Monday, November 14, 2011

Kombucha Recipe

So you start off your Kombucha with organic black tea.  I use Newman's Own Royal Black tea.  You can find it in the family size bags or individual bags.  I use the family size and it takes 4 per gallon.  Since my jars are 2 gallons, I use 8 bags per pot.
After I dump my steeped tea into the pitcher I am making the tea in, I fill the pan back up with cold RO and squeeze out the extra tea that is still left in the bag.  You have to be careful doing this, because if a bag ruptures then it gets messy quick!!  SIDENOTE:  It is very important that you use RO water.  Tap water and many bottled waters have fluoride and chlorine in them.  This can be damaging to the mother.

Now I add the sugar.   2 cups of sugar per gallon of kombucha you are making.  The yeast pretty much eats it all, but I recommend you buy pure cane sugar at the least, because the other is GMO, and I don't want none of that near my Kombucha!!
 At this point I fill the pitcher with RO water.  I normally don't fill it all the way, because even though I am pouring it into a 2 gallon jar, I want to leave plenty of room for the mother and reserve Kombucha.
 This is my Kombucha that I am bottling today.  Yes, I brew 8 gallons at a time!!
I then switch my attention to my already fermented 5-7 day old Kombucha.  You can see in the pictures that I used hand towels to cover my Kombucha, but I no longer do.  I use a square piece of muslin fabric, and use a piece of elastic tied as a rubber band.  (I couldn't find a rubber band big enough to fit around the mouth of the jar.
I pull the mother out of my Kombucha along with 2 cups per gallon of Kombucha I intend on making.  I would suggest you use a glass or ceramic baking dish for this, as I have heard they should not be exposed to plastic, as it leaches when exposed to the types of acids that are naturally occurring in Kombucha.
Here is the 2 cups of Kombucha that I pulled from mine to add into the new Kombucha.  I recommend 2 cups because although you can use less to ferment using 2 cups tends to keep the flavor pretty consistent.  I also tend to try and get all the brown slimy stuff that floats at the top in my reserve.  I don't know that this matters, but I have always done this.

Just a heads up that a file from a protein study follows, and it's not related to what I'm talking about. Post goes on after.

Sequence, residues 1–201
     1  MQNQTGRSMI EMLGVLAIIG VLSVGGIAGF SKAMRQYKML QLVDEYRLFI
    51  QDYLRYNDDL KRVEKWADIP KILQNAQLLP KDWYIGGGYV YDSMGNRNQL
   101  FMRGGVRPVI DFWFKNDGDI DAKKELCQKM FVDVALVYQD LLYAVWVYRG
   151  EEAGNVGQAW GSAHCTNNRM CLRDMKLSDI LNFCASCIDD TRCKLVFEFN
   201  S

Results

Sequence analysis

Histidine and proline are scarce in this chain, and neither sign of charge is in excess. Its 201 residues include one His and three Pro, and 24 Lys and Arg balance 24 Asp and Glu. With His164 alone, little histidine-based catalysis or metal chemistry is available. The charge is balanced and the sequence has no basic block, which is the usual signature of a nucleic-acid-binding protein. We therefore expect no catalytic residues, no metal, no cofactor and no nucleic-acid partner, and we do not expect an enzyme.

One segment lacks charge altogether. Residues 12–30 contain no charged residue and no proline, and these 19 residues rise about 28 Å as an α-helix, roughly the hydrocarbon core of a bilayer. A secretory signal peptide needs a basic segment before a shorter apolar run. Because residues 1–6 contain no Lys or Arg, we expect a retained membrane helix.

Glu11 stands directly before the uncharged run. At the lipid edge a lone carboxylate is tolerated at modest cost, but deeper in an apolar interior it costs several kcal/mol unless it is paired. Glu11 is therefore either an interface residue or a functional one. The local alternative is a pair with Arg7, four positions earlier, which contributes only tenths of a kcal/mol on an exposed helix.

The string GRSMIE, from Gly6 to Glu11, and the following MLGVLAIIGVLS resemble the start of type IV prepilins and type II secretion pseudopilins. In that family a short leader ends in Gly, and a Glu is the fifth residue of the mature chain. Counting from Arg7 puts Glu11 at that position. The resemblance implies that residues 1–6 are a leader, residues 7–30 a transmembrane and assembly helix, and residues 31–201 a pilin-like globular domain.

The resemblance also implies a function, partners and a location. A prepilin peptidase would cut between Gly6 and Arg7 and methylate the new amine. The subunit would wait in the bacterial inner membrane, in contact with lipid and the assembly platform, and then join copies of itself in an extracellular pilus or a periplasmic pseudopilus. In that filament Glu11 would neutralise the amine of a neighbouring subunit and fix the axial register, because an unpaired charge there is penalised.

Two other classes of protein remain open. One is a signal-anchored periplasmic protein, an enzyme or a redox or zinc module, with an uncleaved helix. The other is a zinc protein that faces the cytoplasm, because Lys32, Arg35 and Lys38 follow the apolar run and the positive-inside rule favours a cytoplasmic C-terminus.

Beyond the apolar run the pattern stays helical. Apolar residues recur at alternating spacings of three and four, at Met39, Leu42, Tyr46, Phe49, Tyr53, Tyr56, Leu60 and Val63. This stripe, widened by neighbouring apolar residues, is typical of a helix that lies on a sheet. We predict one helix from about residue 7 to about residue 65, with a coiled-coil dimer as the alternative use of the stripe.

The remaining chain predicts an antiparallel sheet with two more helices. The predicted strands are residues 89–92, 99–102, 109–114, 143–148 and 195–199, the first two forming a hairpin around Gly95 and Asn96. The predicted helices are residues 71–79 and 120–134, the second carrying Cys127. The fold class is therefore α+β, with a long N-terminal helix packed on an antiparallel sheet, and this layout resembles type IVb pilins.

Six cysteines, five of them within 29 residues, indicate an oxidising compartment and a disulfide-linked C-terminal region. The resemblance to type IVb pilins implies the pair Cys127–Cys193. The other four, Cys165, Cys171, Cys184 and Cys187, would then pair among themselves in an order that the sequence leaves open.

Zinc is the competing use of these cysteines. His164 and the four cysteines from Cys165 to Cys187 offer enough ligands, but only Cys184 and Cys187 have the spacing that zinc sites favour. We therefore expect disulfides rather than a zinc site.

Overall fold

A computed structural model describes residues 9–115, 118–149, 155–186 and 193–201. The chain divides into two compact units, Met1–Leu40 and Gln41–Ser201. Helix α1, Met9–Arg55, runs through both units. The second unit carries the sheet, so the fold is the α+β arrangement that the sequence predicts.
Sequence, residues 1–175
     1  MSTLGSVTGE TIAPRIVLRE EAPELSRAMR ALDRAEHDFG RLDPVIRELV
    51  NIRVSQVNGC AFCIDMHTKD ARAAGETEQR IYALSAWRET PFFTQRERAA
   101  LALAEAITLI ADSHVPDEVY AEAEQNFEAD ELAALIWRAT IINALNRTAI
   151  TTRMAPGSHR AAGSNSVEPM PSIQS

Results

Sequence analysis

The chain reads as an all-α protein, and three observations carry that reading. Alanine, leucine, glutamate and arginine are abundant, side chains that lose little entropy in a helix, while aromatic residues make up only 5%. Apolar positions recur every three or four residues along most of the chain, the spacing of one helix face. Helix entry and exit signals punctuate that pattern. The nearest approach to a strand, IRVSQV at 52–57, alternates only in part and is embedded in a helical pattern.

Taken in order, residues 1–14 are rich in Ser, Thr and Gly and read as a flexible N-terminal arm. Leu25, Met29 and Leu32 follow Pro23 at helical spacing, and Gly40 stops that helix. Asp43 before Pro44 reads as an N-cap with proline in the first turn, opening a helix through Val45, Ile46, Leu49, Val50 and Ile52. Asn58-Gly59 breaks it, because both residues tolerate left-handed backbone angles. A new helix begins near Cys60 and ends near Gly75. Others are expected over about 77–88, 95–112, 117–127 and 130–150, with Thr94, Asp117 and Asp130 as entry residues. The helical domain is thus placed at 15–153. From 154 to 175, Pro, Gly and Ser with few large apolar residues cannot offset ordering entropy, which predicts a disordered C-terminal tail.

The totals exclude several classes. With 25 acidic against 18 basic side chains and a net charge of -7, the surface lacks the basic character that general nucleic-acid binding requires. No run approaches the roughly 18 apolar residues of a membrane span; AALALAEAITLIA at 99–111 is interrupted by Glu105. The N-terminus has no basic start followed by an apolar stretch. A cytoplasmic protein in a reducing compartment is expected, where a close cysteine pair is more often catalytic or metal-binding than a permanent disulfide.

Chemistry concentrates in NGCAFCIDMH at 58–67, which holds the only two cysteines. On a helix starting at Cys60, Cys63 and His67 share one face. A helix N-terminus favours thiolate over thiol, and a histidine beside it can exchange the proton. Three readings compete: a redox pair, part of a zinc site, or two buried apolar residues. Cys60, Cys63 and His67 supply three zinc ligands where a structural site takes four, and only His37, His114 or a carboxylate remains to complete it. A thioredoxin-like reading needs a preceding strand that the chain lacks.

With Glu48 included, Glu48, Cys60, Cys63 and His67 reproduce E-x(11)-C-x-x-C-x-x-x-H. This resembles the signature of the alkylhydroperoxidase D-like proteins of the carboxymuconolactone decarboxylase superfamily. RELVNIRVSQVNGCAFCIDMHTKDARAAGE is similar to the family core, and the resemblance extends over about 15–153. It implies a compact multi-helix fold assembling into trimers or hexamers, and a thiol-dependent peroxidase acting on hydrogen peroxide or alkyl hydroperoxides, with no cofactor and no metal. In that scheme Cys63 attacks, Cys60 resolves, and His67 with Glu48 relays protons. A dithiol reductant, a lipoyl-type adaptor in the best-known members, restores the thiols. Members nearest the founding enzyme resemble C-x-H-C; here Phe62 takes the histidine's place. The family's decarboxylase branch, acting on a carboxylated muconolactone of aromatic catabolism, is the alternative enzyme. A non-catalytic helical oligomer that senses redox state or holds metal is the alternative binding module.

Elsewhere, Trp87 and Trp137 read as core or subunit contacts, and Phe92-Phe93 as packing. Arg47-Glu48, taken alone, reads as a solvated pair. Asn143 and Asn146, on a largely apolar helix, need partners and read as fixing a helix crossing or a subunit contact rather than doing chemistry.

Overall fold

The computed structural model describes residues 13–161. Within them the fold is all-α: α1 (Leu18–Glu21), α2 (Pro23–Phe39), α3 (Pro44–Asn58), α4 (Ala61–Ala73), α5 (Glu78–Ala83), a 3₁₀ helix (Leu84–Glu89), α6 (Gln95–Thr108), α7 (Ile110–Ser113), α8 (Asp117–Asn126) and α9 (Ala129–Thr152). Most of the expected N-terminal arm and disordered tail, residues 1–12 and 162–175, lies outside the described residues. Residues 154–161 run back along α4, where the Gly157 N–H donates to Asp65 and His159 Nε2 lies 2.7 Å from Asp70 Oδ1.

I then take the remainder of the Kombucha that is left in the jar (excluding the mother and reserve) and pour it into a salt bucket that we have.  I know I said don't use plastic, but the mother is not directly exposed to this and it doesn't stay in it for long.  Besides this is the only container big enough for me to dump 4 gallons into.  I like to mix up as much as possible together to keep the flavor very consistent.
This is what is left in my jar when the Kombucha is poured out.  I rinse this out in my sink before I put the new Kombucha in, because at first we didn't, and this led to a severe yeast buildup.  It made our finished product very explosive!!
 With a fresh clean pitcher, I now pour the tea I made previously into the jar. 
After I poured the tea into the jar, (make sure it is no hotter than room temperature) I add the mother.
Then I add the reserve to the Kombucha on top of the mother.  It is just really hard to pour the reserve if the mother is still in the casserole dish.
Then I use my little RO spicket and fill the jars up with water.  The spicket is pretty highly charged, so it sprays fast, and mixes as it goes in.  I do always tuck the hose around the side of the mother, and not just put fresh water on top of her.